Judge not…
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Judge not…

The government of Turkey has been shouting to whoever will listen for two weeks now about how its aid flotilla to Gaza was a humanitarian mission to an occupied people. Turkish Prime Minister Recep Tayyip Erdogan appears quite concerned for the people of Gaza who are, he claims, suffering under occupation.

Indeed, we have been touched by Erdogan’s concern for people in occupied land, which is why we fully support the creation of a massive aid flotilla to a people who have lived under occupation for almost 40 years by a country that claims half of the indigenous people’s land as its own. We speak, of course, of the citizens of Cyprus, who have lived under Turkish occupation since 1974.

Only Turkey recognizes the Turkish Republic of Northern Cyprus, created after that country invaded the Greek island and deposed its ruler, President and Archbishop Makarios III, and divided the Greek isle. The events that led to the invasion are, of course, more complicated than can be elaborated on here, but the short take is that Turkish forces declared themselves the independent rulers of part of the island.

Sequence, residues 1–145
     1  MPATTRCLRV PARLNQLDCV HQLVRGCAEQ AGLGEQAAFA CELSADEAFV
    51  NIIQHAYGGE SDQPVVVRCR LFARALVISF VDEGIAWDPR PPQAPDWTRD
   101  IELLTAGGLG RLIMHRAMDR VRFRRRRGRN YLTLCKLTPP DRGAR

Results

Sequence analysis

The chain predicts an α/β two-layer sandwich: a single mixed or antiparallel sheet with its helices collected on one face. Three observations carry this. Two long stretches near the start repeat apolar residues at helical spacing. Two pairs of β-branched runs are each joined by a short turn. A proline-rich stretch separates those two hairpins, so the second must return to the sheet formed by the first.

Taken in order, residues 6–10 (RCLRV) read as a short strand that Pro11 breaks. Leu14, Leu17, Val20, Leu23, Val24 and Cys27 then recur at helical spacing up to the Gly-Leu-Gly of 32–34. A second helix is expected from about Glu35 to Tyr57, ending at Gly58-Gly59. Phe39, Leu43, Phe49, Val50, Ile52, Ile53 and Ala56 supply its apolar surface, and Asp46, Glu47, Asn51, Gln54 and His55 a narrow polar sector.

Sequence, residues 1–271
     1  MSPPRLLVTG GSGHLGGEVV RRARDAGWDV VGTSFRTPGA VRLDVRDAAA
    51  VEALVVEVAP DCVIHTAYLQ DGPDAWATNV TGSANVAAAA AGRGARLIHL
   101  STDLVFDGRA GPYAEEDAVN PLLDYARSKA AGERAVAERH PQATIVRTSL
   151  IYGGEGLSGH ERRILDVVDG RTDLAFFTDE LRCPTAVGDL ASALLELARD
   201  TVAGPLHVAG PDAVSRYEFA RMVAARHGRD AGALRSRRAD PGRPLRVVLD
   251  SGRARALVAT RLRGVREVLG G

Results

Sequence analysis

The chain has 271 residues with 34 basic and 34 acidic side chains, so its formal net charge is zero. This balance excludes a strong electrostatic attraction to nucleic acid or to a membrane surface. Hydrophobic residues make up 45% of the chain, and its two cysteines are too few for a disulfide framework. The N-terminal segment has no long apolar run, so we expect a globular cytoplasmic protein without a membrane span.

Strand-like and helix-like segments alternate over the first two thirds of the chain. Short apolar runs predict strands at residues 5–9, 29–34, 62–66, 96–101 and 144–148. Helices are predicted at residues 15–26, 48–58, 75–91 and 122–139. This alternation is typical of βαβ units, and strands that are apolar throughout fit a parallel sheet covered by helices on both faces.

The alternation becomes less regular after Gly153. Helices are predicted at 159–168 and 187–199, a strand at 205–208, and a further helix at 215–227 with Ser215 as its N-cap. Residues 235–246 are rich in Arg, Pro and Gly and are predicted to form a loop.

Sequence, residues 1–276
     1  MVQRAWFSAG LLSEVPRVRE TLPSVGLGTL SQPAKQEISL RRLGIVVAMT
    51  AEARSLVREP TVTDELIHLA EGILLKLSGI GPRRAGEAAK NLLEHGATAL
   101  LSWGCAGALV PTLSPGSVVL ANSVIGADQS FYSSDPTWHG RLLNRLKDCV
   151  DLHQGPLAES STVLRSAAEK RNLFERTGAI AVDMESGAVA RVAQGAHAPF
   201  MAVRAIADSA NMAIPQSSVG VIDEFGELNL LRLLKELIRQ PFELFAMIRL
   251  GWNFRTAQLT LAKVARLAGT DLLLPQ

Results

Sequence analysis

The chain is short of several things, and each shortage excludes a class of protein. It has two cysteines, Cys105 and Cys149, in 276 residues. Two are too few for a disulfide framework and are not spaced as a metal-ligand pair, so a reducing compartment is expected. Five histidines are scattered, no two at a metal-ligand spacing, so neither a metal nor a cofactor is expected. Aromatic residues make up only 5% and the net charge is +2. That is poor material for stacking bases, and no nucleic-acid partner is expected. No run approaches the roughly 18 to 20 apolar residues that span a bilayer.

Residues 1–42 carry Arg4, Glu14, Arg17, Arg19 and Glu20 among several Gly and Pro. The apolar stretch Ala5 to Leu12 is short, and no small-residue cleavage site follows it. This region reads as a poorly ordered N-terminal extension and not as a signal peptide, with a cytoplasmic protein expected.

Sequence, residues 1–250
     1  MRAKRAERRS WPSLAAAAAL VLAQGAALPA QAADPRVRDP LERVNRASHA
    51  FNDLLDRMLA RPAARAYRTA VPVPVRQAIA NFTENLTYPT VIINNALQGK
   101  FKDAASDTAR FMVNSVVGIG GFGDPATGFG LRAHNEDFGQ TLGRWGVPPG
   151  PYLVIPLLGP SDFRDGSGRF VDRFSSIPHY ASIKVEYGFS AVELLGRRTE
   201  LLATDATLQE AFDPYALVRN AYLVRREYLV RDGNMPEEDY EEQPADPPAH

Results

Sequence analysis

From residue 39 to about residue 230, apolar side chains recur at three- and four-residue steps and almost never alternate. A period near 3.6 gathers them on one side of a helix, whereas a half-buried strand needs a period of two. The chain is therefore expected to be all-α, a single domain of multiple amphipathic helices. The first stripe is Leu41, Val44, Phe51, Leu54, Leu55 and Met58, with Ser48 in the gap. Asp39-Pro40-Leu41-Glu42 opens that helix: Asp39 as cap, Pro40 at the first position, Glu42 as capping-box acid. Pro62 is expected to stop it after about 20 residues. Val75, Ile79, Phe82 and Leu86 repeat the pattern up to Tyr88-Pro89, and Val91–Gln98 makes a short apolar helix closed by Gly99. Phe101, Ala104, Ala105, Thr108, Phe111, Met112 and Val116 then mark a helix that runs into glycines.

Then there is the matter of Turkey’s bloody past: the Armenian genocide, long a taboo topic in American and Israeli political circles because of the delicate relationship with Turkey. Now that Turkey appears to have realigned itself with Iran – seemingly leaving the derech of westernization and its quest for membership in the European Union – we have seen American and Israeli leaders begin calling Turkey on its past crimes.

We want to see more.

In April of 1915, Ottoman authorities arrested more than 250 Armenians and then initiated a series of deportations, death marches, and massacres that resulted in the deaths of at least 500,000 Armenians.

Turkey, the successor to the Ottoman Empire, denies that the word genocide is appropriate to describe these events.

We urge the United States, Israel, and the international community to call Turkey to task for its crimes past and present. For Israel to be judged by countries with such horrific human rights records – need we even begin the list of Iran’s crimes? – is laughable at best and perverse at worst.

J.L.

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